Conner has made drawings throughout his career. While engaged in the creation of sculptures, collages or films, Conner would have periods when he concentrated on drawing. Exploring the infinite variety of marking on a finite page, he could devote months working obsessively on one, complex drawing. Rather than the rendering of form, his drawing has sought the development and refinement of the intense density of variable texture. Conner's approach to drawing is sculptural in its direct working of the materials. His choices of markers-pencil, felt-tip, Pelikan ink-and surfaces-Japanese papers, a drum, and even a globe-have been combined to develop layered areas. These six drawings were completed from July 27 and October 6, 1974, between work on the photograms. Like the photograms, they progress from light to dark. Made with Pelikan ink on BFK rag paper, each drawing, has a different variation on the overlapping and layering of ink. The first drawing ("July 27, 1974") is patterned with white dots surrounded by black, like galactic nebulae, with an organic gentleness to it. In "July 31," the ink is layered in ripples, with a dusting of white dots. The black layers of ink reflect the grained sheen of charred wood. The layering then becomes more linear ("August 18"). In "August 30," lines overlap become more regular, and almost geometric. "October 1" has diamond forms faintly superimposed over the louvre-like overlapping bands. In the sixth and last ("October 6"), the linear bands are gone. The ink has formed a swirled, watered, and almost geological pattern of black, with a few white dots distributed in the upper left. The patterns in the drawings will vary, depending on the direction of the light and the viewer's eyeline. Why hadn't Conner simply applied white ink on black backgrounds to achieve the same designs? No white ink would remain stable, nor yield the pure brightness of the original paper.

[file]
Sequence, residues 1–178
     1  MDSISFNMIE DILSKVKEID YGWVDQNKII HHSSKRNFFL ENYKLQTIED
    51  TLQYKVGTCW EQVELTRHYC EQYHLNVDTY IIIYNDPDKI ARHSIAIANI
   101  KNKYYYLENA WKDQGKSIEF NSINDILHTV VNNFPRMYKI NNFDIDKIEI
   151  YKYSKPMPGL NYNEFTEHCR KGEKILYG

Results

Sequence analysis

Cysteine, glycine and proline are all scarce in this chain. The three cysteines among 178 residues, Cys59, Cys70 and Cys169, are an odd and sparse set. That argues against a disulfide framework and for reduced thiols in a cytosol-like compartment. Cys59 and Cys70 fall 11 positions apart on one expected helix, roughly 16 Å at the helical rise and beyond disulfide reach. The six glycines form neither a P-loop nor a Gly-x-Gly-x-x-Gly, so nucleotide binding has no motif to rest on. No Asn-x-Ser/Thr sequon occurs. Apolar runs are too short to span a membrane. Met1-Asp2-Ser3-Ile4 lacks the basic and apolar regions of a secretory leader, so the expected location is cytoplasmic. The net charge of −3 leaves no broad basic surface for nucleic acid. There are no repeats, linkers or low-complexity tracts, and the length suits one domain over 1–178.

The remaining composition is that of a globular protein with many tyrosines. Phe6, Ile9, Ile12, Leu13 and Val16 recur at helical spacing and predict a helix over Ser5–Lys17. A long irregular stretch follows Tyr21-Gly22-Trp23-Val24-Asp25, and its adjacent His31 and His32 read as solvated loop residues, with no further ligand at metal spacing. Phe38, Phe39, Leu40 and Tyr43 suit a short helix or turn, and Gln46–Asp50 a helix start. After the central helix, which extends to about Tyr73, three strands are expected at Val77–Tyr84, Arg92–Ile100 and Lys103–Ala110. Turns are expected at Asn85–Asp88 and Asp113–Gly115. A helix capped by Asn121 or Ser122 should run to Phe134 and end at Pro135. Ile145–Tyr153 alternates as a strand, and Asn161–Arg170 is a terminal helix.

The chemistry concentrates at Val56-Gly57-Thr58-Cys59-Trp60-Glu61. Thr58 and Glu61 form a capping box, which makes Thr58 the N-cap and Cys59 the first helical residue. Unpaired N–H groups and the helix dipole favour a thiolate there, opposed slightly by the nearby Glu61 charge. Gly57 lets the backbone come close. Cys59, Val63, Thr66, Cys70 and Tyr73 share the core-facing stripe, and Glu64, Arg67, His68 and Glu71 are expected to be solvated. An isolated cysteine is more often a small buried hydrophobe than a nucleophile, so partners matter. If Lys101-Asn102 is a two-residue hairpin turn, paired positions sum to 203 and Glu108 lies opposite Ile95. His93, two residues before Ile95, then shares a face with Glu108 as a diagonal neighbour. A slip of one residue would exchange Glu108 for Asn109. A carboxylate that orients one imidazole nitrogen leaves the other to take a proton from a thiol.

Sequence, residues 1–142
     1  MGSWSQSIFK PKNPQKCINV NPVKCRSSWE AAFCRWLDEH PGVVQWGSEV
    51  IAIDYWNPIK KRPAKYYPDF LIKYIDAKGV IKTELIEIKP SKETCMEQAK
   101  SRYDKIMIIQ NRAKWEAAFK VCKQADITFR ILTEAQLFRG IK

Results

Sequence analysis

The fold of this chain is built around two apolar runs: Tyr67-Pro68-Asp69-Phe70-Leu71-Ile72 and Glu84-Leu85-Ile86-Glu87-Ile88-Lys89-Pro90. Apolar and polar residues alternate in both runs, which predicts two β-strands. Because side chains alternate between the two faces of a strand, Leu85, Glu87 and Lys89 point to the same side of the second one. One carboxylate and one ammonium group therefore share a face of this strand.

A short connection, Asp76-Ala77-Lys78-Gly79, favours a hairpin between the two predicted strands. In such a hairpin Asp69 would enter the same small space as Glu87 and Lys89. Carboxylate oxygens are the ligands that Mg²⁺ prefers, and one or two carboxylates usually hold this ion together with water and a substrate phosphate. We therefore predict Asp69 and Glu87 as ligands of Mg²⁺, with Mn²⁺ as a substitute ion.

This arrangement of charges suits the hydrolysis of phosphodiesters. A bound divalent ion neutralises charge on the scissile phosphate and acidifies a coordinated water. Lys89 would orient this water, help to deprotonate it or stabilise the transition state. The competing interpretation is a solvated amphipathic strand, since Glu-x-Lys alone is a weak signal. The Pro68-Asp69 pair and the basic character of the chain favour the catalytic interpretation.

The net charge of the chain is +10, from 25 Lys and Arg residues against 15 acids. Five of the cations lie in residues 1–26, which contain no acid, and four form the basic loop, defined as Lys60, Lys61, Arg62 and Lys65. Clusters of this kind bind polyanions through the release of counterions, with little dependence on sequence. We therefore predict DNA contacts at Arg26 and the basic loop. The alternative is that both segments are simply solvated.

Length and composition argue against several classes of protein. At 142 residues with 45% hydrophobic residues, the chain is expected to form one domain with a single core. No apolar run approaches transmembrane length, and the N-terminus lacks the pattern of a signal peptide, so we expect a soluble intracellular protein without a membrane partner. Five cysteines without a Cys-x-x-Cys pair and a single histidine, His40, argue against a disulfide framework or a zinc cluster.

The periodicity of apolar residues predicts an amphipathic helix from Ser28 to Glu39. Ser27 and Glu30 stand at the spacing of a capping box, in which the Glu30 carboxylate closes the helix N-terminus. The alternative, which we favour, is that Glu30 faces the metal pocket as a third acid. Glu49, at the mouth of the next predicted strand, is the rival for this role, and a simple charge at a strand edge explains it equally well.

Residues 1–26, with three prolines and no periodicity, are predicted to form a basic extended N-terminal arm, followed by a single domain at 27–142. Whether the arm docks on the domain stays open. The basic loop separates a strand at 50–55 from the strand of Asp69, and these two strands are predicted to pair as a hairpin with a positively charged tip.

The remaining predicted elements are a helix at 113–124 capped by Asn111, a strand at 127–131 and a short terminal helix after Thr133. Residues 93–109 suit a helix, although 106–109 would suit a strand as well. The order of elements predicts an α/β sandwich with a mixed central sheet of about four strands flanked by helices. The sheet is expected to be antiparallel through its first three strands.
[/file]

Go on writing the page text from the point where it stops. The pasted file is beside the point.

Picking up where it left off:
The photograms and the drawings share an elusiveness to reproducibility. Their surfaces are so variable, and light so fugitive in reflection, that no photograph is able to capture their essences. The installation environment constructed especially for this exhibit allows these works to be perceived in ways closest to the artist's intentions. With the illuminated photograms and drawings surrounded by a volume of darkness, their subtle and subjective qualities can be sensed in a theatrical atmosphere, with varying thresholds of perception experienced as one's eyes adjust. The viewer entering this space is, in a sense, communing with that original camera obscura where the photographs were conceived.
Bruce Conner was born in McPherson, Kansas, in 1933. He received his B.A. from the University of Nebraska in 1956 and studied at the Brooklyn Museum Art School and the University of Colorado. He moved to the Bay Area in 1957 with his wife painter Jean Conner and immediately became involved with the thriving art and poetry scene in San Francisco, which included Wally Hedrick, Jay de Feo, George Herms, Joan Brown, Michael McClure, Lawrence Jordan, and Robert Duncan, among others.
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MATRIX is supported in part by grants from the National Endowment for the Arts, a Federal Agency, Mrs. Paul L. Wattis, the T. B. Walker Foundation, and the Alameda County Art Commission's County Supervisors' Art Support Program.